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Reps. Zoe Lofgren & Trent Franks, Introduce Bipartisan Wireless Tax Fairness Act

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Washington, DC, June 12, 2013 | comments

Reps. Zoe Lofgren (D-CA) and Trent Franks (R-AZ) today introduced H.R. 2309, the Wireless Tax Fairness Act. This bipartisan, pro-consumer bill would place a 5-year moratorium on new taxes or fees for wireless services. On average, wireless customers pay 17.2% in taxes and fees, largely imposed on the state and municipal levels. Not only do rising wireless taxes hit a growing number of consumers, they also fall disproportionately on lower-income and working Americans who tend to rely more exclusively on wireless devices for telephone and Internet access and therefore pay a greater percentage of their income in wireless taxes. With wireless broadband access rapidly becoming a key platform for innovation, the legislation introduced today will help foster greater access and investment in this key market by halting discriminatory and increasingly onerous tax treatment.

"Wireless connectivity is becoming the simplest and easiest route of choice to the Internet, but instead of encouraging that we're burdening it with taxes," Rep. Zoe Lofgren said. "This bill is needed to hit the pause button and stop these arbitrary taxes from increasing. By doing so, we'll bring needed stability to the wireless marketplace for customers to choose their services based on merit and need so we can see these platforms of innovation and job growth expand."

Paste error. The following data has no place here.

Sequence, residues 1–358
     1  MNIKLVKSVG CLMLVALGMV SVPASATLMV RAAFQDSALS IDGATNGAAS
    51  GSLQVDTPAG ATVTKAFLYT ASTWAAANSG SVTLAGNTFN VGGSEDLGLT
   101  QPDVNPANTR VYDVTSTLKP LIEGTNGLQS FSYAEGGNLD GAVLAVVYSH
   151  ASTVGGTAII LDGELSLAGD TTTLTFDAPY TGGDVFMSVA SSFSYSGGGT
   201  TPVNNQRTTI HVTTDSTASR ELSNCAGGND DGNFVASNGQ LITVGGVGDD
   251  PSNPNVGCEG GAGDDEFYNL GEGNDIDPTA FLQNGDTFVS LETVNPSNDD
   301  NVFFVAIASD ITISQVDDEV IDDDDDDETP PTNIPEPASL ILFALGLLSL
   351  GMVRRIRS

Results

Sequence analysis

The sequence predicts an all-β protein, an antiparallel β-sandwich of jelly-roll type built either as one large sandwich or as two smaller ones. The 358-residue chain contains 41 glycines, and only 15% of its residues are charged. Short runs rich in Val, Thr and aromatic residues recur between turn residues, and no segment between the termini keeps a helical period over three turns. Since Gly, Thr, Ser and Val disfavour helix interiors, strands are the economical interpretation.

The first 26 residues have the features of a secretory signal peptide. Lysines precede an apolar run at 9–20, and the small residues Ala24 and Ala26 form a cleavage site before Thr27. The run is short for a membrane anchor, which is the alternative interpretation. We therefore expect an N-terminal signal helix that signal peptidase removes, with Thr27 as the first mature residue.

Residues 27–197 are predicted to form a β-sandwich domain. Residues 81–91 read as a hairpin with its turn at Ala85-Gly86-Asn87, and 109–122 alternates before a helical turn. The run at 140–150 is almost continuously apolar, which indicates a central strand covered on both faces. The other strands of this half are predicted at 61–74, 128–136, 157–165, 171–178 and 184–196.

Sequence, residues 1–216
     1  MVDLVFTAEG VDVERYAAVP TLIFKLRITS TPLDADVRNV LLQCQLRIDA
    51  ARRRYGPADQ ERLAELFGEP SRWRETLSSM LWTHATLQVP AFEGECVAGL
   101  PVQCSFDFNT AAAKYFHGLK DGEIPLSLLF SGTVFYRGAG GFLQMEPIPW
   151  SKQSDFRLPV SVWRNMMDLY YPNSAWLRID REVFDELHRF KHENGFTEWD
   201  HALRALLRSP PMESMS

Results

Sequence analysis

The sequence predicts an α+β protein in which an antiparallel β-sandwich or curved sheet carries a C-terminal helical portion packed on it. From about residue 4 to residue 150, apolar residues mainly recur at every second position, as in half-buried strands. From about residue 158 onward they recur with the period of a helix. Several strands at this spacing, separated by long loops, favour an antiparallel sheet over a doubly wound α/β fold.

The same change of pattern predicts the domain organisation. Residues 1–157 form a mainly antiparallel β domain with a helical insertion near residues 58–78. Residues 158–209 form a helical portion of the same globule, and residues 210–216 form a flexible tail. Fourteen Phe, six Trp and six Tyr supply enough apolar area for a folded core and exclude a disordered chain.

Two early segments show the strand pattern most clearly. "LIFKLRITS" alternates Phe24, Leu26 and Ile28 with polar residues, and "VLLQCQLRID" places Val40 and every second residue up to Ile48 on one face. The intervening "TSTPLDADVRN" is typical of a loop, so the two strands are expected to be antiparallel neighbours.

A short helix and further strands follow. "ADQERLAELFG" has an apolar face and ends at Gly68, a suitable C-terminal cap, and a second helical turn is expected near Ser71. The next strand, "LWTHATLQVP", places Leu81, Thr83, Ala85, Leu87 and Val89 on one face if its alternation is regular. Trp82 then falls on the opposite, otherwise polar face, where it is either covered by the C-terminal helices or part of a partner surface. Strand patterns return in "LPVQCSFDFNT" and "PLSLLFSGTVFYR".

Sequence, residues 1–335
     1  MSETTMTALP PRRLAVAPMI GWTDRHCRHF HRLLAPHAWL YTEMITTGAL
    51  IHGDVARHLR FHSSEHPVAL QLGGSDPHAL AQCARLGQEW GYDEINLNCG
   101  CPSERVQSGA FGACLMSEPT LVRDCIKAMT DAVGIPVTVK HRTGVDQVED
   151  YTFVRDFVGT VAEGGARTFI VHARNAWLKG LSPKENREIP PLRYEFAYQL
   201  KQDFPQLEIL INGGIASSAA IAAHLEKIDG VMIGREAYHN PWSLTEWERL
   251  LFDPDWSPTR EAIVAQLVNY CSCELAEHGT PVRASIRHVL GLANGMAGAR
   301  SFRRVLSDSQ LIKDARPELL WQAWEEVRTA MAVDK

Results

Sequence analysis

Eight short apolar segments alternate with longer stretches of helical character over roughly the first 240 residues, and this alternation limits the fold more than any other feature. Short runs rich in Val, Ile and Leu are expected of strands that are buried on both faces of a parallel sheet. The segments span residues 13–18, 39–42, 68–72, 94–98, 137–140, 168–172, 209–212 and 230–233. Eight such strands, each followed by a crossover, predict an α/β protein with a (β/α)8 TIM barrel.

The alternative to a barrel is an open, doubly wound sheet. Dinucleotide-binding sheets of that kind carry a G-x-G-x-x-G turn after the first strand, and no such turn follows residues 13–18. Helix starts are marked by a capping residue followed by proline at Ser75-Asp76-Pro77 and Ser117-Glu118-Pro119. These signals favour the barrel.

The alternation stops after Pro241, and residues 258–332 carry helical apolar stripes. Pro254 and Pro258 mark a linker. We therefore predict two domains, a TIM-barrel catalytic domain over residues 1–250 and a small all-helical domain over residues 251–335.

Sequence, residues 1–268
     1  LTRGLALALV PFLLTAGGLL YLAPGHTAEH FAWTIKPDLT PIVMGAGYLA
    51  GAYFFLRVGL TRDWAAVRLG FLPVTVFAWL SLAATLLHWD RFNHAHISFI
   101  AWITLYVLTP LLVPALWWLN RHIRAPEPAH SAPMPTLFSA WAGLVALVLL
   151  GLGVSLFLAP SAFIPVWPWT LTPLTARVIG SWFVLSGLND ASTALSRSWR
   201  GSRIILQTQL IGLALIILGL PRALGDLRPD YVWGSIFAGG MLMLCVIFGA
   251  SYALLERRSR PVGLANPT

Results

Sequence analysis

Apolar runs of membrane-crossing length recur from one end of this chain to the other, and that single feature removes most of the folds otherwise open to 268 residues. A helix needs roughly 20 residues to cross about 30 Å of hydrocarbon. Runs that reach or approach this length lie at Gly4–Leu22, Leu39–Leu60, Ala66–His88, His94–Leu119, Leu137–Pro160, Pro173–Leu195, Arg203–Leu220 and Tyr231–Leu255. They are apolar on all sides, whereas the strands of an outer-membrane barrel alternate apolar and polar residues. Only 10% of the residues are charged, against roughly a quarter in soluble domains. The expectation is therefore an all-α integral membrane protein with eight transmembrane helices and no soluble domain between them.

The average 17.2% in taxes and fees wireless customers now pay is more than twice the average rate of 7.4% on other goods and services. In many localities, this cumulative tax burden is even higher: 26.8% in Baltimore, 19.9% in Omaha, 18.2% in Tallahassee, and 20.4% in New York City. The Wireless Tax Fairness Act would halt this trend by imposing a temporary, five-year freeze on new taxes that are imposed only on wireless services. Importantly, the legislation does not take away any existing revenue from state or local governments, it simply pauses taxes and fees at the current rate.

The legislation, which can be viewed by clicking here, is backed by 145 cosponsors as of its introduction, signaling the strong bipartisan support for the measure. Similar legislation introduced in the previous Congress was passed overwhelmingly by the U.S. House of Representatives in November, 2011.

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